This is my second installment in a new series on Lean for RAM Professionals. I’ll begin with some points contained in my my previous column, “Is Lean Manufacturing Dead? Surely Not.” (see link below). This theme will continue throughout the series: “If there were ever a time to get serious about lean manufacturing, it’s now. The vision of doing more with less of everything may very well be the new reality in our upside-down, post-pandemic world.”
Note that this series is based on my four decades of experience with pre-/post-lean client sites, as well as lean-related development coaching for hundreds of clients in a wide variety of manufacturing, assembly, mining, extraction, and utilities operations across dozens of industrial sectors, primarily in the Western Hemisphere.
Let’s start with a goal that RAM Pros can grasp: Lean Equipment Management (LEM) for the most critical, most penalizing equipment-driven processes.
WHAT TO AVOID
Initially, unless driven with a passion from the top of the business, I would avoid launching facility-wide “lean enterprise” or “lean certification” efforts. Many of us work in smaller to mid-sized facilities with constrained resources (budgets, time, and people). As RAM Pros, our intent should be to achieve rapid, highly visible, sustainable equipment reliability improvements. Let’s call these “islands of excellence” to serve as tangible evidence of what’s possible through LEM and as targets for continuous improvement.
WIN WITH TEAMS
One of the biggest mistakes is undertaking a “lean maintenance” program. When we dig into what makes equipment unreliable, the causes go well beyond maintenance. Equipment reliability spans the entire equipment life cycle, including Design Engineering, Acquisition-Construction, Operation-Maintenance, and, finally, Decommissioning-Disposal-Restoration phases.
For existing equipment, we must keep in mind that many causes of unreliability may lie outside our sphere of control, and the time and expertise of others will contribute to reliability improvement. It’s not uncommon to see cross-functional LEM teams of engineers (process, mechanical, electrical), maintenance technicians (various disciplines), quality control/assurance technicians, equipment operators, spare-parts-management staff, procurement management, production schedulers, and others as determined by equipment-related issues.
BEGIN WITH A BUSINESS FOCUS
The LEM “goal” above (“the most critical, most penalizing equipment-driven processes”) demands a business-focused approach.
Start by looking at process/production streams and ask, “Where is the most chronic interruption to meeting daily schedules, planned output, or customer orders?” This is more than downtime reports. Look for chronic jams, resets, slow speeds, leaks, or similar possible causes of interruptions. Look for chronic emergency repairs or spare parts that fail prematurely. Then, make a list of the equipment that has a record of interrupting the planned flow of raw materials, work in process, and/or finished goods.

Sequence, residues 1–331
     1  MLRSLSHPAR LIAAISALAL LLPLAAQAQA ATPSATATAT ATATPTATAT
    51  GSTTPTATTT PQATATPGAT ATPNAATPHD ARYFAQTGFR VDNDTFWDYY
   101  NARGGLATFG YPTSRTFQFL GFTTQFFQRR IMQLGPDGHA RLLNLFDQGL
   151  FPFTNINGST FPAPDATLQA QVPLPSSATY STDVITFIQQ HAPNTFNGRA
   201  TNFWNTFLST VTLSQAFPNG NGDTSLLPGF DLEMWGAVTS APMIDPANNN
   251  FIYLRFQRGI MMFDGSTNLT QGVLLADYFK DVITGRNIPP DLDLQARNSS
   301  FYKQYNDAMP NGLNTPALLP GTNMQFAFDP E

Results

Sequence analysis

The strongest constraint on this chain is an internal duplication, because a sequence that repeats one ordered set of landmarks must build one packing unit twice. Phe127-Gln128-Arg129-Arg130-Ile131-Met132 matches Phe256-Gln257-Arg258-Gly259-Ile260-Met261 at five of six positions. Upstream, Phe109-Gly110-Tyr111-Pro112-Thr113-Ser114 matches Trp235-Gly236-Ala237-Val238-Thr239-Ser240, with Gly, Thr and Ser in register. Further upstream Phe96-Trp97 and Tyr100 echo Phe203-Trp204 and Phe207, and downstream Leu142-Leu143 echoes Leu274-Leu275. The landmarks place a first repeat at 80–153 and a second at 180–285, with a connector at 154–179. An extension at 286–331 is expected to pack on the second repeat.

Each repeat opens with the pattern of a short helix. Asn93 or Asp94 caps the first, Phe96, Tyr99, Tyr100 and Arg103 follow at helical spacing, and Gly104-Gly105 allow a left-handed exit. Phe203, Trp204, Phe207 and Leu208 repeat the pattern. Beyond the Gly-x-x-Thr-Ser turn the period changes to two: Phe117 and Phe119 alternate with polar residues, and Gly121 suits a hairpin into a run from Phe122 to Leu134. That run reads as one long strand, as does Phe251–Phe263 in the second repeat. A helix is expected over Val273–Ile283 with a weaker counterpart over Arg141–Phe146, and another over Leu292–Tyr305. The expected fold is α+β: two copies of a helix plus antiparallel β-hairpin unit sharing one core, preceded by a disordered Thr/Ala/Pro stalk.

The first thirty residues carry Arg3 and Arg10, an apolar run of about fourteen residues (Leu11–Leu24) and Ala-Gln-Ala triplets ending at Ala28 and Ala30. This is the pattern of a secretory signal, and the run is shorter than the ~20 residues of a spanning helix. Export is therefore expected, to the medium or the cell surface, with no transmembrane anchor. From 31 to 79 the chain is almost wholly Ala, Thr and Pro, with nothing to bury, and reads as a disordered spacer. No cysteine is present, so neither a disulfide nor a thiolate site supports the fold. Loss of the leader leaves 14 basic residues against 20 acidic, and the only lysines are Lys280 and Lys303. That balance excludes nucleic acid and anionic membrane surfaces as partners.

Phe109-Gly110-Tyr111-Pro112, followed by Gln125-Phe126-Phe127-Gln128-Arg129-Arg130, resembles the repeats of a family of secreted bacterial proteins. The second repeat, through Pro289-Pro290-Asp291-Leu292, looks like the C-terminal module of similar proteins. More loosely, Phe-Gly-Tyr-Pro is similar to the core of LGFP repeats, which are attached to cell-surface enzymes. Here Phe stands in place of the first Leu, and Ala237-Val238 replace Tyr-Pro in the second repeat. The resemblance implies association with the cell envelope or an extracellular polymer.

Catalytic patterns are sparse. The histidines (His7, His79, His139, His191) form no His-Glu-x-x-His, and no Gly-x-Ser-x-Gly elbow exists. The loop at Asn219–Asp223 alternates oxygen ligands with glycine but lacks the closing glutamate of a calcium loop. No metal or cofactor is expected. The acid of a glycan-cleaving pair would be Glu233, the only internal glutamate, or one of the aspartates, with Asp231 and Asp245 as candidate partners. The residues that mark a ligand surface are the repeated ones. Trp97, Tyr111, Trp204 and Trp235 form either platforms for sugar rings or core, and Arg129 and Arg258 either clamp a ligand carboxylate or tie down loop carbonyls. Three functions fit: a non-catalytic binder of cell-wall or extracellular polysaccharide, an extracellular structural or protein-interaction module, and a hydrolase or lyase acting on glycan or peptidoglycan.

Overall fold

Next, determine (with the help of production scheduling and financial staff) which of the listed causes of chronic interruptions to process/product flow are the most penalizing to the business? These penalties can include losses such as high scrap or wasted materials, late shipments where customers assess late delivery fees, high volumes of work-in-process inventory (safety stock), large volumes of leaking coolants and lubricating or hydraulic fluids, paying operators to wait for hours (sometimes shifts) while equipment is being repaired, and the like. Because we can’t address all penalizing equipment simultaneously, pick a starting point that may have the biggest and most quickly achievable impact.
In the next installment of this series, we’ll focus on selected equipment and begin laying out the interdependent principles of Lean Equipment Management to achieve rapid, highly visible, and sustainable results.TRR
ABOUT THE AUTHOR
Bob Williamson is a long-time contributor to the “people-side” of the world-class-maintenance and manufacturing body of knowledge across dozens of industry types. His vast background in maintenance, machine and tool design, and teaching has positioned his work with over 500 companies and plants, facilities, and equipment-oriented organizations. Contact him directly at 512-800-6031 or firstname.lastname@example.org.
Tags: reliability, availability, maintenance, RAM, asset management, skills development, on-the-job training, supply-chain issues, training and qualification, professional development